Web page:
At 10 million a year, that’s a pretty expensive approach to this when you don’t even have the thing synthesized in your own mind yet.”

 

Pence wouldn’t give up, pushing hard for a pilot program:

 

 

We are on a daily basis engaging with members of the General Assembly in both parties to make the case that the time has come for expanding access to quality pre-k programs to some of our most disadvantaged kids.”

 

And in the end, the legislature agreed on a program that funds high quality pre-k for four-year-olds in five counties using money reverted to the budget from state agencies at the end of the fiscal year and private dollars, such as grants, donations, and gifts. Bosma says he’s hopeful the program can begin as early as this fall:

 

 

This gives a chance to prove that strong early education opportunities for these lowest of income families can make a difference for them. It’s been proven elsewhere – we need to prove it here in Indiana to make the case for the future.”

 

Lawmakers also worked out a deal reforming the state’s business personal property tax, a levy on business equipment that generates a billion dollars a year statewide for local governments. The House and Senate initially had two very different ideas of how to implement Pence’s goal of phasing out the tax. The original House plan would have allowed local governments to eliminate the tax on new equipment purchases. The original Senate plan eliminated the tax statewide on small businesses. The final product adopts the House plan and makes the Senate’s small business cut a local decision as well. Bosma notes none of the tax cut options take effect until next year:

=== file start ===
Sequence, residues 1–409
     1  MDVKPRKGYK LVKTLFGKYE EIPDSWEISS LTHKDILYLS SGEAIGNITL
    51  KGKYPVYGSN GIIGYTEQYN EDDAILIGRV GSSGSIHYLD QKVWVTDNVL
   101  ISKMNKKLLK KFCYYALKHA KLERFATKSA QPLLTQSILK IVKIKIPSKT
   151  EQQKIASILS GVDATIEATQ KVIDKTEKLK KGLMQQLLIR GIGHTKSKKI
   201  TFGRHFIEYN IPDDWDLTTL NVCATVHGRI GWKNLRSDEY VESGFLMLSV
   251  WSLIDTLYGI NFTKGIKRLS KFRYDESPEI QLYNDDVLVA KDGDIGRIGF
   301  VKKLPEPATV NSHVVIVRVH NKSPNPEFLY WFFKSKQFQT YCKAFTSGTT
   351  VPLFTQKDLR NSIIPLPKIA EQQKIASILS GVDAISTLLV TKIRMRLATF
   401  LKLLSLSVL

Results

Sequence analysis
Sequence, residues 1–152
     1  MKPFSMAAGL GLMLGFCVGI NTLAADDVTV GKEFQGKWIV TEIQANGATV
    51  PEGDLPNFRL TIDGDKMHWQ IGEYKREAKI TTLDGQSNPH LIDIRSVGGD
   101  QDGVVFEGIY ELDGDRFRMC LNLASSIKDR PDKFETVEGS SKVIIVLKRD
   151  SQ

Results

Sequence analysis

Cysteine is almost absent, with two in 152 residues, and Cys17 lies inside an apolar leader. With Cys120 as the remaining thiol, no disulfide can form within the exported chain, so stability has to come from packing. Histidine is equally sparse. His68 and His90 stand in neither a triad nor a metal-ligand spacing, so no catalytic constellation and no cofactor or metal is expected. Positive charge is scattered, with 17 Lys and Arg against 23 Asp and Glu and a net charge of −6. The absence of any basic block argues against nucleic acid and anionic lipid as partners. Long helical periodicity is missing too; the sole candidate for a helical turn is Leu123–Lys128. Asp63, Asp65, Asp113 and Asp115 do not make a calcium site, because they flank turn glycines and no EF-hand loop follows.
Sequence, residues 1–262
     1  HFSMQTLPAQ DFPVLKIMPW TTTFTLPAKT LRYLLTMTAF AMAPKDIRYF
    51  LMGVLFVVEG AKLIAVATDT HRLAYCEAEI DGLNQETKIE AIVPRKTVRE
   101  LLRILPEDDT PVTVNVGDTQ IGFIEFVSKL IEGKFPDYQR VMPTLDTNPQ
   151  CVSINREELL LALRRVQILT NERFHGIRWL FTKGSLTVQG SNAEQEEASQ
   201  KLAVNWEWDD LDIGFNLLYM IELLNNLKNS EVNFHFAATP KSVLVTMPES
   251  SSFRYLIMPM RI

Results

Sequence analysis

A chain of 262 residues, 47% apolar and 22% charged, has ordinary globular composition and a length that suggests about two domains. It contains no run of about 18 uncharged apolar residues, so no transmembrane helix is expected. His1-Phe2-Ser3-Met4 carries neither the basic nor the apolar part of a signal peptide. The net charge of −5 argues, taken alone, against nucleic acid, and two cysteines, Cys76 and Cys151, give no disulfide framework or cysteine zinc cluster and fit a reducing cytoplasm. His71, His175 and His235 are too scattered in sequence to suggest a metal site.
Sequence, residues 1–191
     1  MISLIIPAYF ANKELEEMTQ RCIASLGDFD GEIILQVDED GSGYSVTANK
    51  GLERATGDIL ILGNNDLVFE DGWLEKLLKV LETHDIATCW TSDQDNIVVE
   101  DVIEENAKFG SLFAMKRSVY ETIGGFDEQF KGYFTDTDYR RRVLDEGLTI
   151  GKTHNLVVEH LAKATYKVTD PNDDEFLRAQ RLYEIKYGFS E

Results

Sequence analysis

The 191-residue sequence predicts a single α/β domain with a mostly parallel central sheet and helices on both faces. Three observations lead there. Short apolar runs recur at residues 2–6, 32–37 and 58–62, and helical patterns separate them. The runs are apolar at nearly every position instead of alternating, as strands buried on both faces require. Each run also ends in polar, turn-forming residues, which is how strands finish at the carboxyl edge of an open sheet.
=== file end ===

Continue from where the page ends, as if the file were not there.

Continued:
It will give the legislature time to look at whether replacement revenues need to be adjusted, what they should be and I think it’s just a prudent approach.”

 

Hoosiers will soon see construction work on the state’s major interstates as the legislature releases at least 200 million dollars in transportation funds to INDOT. Last year’s budget included four hundred million dollars in a transportation fund for long-term, future projects. But Pence wants the money now – and the General Assembly delivered, sending him half the money. The other 200 million will be released to INDOT after approval by the state budget committee. Valparaiso Republican Representative Ed Soliday says the money can have an immediate and major impact:

 

 

We have an excellent opportunity to leverage this money with federal matching money. This is an excellent opportunity to create jobs, improve our infrastructure and really move our state forward.”

 

In the session’s final hours, lawmakers also approved legislation allowing licensed gun owners to keep their guns locked out of sight in their cars on school property while defeating a bill requiring some welfare recipients to be drug tested. For Indiana Public Broadcasting, I’m Brandon Smith.